Soto Zen

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shanyin
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Soto Zen

Post by shanyin »

I am interested in Soto Zen.

Can someone link me to Soto Zen teachings? Or maybe a book?
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Wayfarer
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Re: Soto Zen

Post by Wayfarer »

Global Soto website is https://global.sotozen-net.or.jp/eng/index.html

A ton of resources there.
'Only practice with no gaining idea' ~ Suzuki Roshi
shanyin
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Re: Soto Zen

Post by shanyin »

Is a difference between Soto and Rinzai that one teaches gradual and the other sudden enligtenment?

Sitting makes me think that all this Dharma and Buddhism is all supposed to be subjective so I am attracted to the idea that there is nothing one can do to attain enlightenment. Is that what Soto teaches?
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Astus
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Re: Soto Zen

Post by Astus »

shanyin wrote: Sat Jul 18, 2020 7:12 pmIs a difference between Soto and Rinzai that one teaches gradual and the other sudden enligtenment?
No. All Zen schools teach sudden enlightenment.
Sitting makes me think that all this Dharma and Buddhism is all supposed to be subjective so I am attracted to the idea that there is nothing one can do to attain enlightenment. Is that what Soto teaches?
Soto teaches the oneness and equality of practice and realization, so actually you can only do everything to attain enlightenment.
1 Myriad dharmas are only mind.
Mind is unobtainable.
What is there to seek?

2 If the Buddha-Nature is seen,
there will be no seeing of a nature in any thing.

3 Neither cultivation nor seated meditation —
this is the pure Chan of Tathagata.

4 With sudden enlightenment to Tathagata Chan,
the six paramitas and myriad means
are complete within that essence.


1 Huangbo, T2012Ap381c1 2 Nirvana Sutra, T374p521b3; tr. Yamamoto 3 Mazu, X1321p3b23; tr. J. Jia 4 Yongjia, T2014p395c14; tr. from "The Sword of Wisdom"
avatamsaka3
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Re: Soto Zen

Post by avatamsaka3 »

Is a difference between Soto and Rinzai that one teaches gradual and the other sudden enlightenment?
My understanding is that Soto teachings are neither sudden or gradual. They transcend the normal ways in which enlightenment is discussed.

In terms of suggestions, just study Dogen. He founded Soto Zen in Japan. There is a famous anthology of his teachings called "Moon in a Dewdrop". You can also find PDFs of his complete Shobogenzo translated into English on BDK Tripitaka's website.

Aside from studying Dogen, I'd highly recommend reading the work of Shohaku Okumura. He wrote a booklet called "Soto Zen: An Introduction to Zazen" that is quite good. Here is the link:

https://global.sotozen-net.or.jp/eng/li ... to_zen.pdf

I'd definitely try visiting a local Zen center (virtually, or in person when it's safe to do so). It's good to learn meditation in person from an experienced student, rather than just from books. Be aware that many people come to Zen centers with different preconceptions of what meditation is. So, some will reject the idea of regarding Dogen as an authority, and some will have learned a version of zazen that is calm abiding. In any case, reading Dogen and considering his thoughts will be a good starting point before visiting a center.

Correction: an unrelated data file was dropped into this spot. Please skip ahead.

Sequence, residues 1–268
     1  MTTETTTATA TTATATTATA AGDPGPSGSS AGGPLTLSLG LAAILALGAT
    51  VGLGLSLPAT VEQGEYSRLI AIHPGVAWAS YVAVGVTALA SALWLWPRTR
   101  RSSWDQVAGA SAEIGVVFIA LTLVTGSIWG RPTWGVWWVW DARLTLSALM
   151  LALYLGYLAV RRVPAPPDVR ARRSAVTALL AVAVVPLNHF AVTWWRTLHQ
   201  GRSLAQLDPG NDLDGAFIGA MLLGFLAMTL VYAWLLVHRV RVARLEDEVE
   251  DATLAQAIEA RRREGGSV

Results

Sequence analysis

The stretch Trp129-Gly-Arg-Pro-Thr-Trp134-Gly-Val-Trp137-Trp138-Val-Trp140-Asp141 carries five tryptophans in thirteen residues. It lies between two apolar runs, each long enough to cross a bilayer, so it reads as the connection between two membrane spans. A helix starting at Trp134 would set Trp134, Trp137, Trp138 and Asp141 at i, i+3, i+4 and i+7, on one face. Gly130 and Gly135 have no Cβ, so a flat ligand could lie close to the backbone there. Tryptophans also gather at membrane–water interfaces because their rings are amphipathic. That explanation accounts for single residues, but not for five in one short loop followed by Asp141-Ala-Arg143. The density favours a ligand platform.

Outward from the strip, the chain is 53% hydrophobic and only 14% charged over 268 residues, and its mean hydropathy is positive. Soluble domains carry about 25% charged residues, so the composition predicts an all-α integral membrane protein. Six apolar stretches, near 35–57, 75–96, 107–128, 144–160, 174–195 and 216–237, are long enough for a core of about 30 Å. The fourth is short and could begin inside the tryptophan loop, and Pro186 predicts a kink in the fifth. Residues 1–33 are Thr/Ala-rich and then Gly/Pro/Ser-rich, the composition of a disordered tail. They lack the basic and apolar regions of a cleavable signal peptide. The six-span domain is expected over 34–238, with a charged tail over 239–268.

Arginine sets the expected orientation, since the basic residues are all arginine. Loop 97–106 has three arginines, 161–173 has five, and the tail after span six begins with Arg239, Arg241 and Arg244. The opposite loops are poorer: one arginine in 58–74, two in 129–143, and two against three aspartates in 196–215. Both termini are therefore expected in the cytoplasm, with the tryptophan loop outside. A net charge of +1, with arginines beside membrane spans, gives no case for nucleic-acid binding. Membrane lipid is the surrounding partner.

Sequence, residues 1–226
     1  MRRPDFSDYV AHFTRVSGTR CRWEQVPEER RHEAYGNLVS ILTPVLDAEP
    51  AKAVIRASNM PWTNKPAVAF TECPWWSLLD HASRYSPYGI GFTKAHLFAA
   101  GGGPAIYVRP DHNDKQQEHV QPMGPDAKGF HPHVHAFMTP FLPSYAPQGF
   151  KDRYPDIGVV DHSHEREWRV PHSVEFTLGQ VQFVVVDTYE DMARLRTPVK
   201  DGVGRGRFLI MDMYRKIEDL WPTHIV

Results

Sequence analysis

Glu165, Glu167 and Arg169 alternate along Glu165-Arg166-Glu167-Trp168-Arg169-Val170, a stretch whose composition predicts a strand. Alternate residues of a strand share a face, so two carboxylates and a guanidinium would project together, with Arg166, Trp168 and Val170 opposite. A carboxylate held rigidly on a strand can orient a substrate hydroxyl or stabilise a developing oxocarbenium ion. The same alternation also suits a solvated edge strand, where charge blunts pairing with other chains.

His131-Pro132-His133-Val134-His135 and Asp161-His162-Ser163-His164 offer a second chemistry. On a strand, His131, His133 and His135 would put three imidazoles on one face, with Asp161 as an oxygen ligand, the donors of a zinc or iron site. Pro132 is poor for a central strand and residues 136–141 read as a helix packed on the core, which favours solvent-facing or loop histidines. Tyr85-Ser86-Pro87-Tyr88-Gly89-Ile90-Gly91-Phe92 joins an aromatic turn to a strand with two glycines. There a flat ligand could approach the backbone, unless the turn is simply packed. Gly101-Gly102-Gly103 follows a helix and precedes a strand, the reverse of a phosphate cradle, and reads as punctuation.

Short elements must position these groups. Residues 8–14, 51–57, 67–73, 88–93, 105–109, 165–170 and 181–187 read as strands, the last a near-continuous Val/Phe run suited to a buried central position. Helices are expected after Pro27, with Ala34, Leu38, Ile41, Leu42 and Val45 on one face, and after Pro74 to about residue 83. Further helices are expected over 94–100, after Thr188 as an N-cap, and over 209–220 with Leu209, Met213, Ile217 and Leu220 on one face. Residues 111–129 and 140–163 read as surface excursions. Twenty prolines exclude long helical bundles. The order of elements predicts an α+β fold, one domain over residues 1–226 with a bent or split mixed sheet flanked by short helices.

Lillian
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Re: Soto Zen

Post by Lillian »

shanyin wrote: Tue Jun 30, 2020 1:09 am I am interested in Soto Zen.

Can someone link me to Soto Zen teachings? Or maybe a book?
Hello Shanyin,

The Soto Zen Buddhist Association lists dozens of groups, many of which are online now because of the Covid. Please see what is available.

http://szba.org/affiliated-teachers/

I want to recommend to you two very good books on Soto Zen. Maybe three.

One is called Opening the Hand of Thought by Uchiyama Roshi, and is about sitting Shikantaza Zazen.

https://wisdomexperience.org/product/op ... d-thought/

One is entitled What is Zen? by Norman Fischer and Susan Moon, two very respected people.
https://www.penguinrandomhouse.com/book ... usan-moon/

Another excellent book by the founder of Soto Zen, Dogen, and Uchiyama Roshi is this:

https://books.google.co.uk/books/about/ ... edir_esc=y

The most important part is to sit Zazen, of course.

Lillian
shanyin
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Re: Soto Zen

Post by shanyin »

Is Zazen always breath following oriented?
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Zhen Li
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Re: Soto Zen

Post by Zhen Li »

shanyin wrote: Fri Jul 31, 2020 2:11 am Is Zazen always breath following oriented?
No. I suggest you begin by reading some of the above linked resources. It is a good idea to have clear guidance before proceeding.
Lillian
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Re: Soto Zen

Post by Lillian »

shanyin wrote: Fri Jul 31, 2020 2:11 am Is Zazen always breath following oriented?
Hello Shanyin,

I suggest you find a good Soto Zen teacher and ask, assuming that you are interested in Soto Zen.

Breath following or counting is very common in Zazen instruction. Others center on the posture or Hara, some on "choiceless awareness." My teacher's teacher, Matsuoka Roshi, did so and that is what I was taught. In Soto Zen, we also often emphasize the goalless aspect of Zazen even when following the breath, the posture or "choiceless awareness."

But the best thing is not to ask on an internet board or just read a book, and instead to find an actual teacher to advise you.

Lillian
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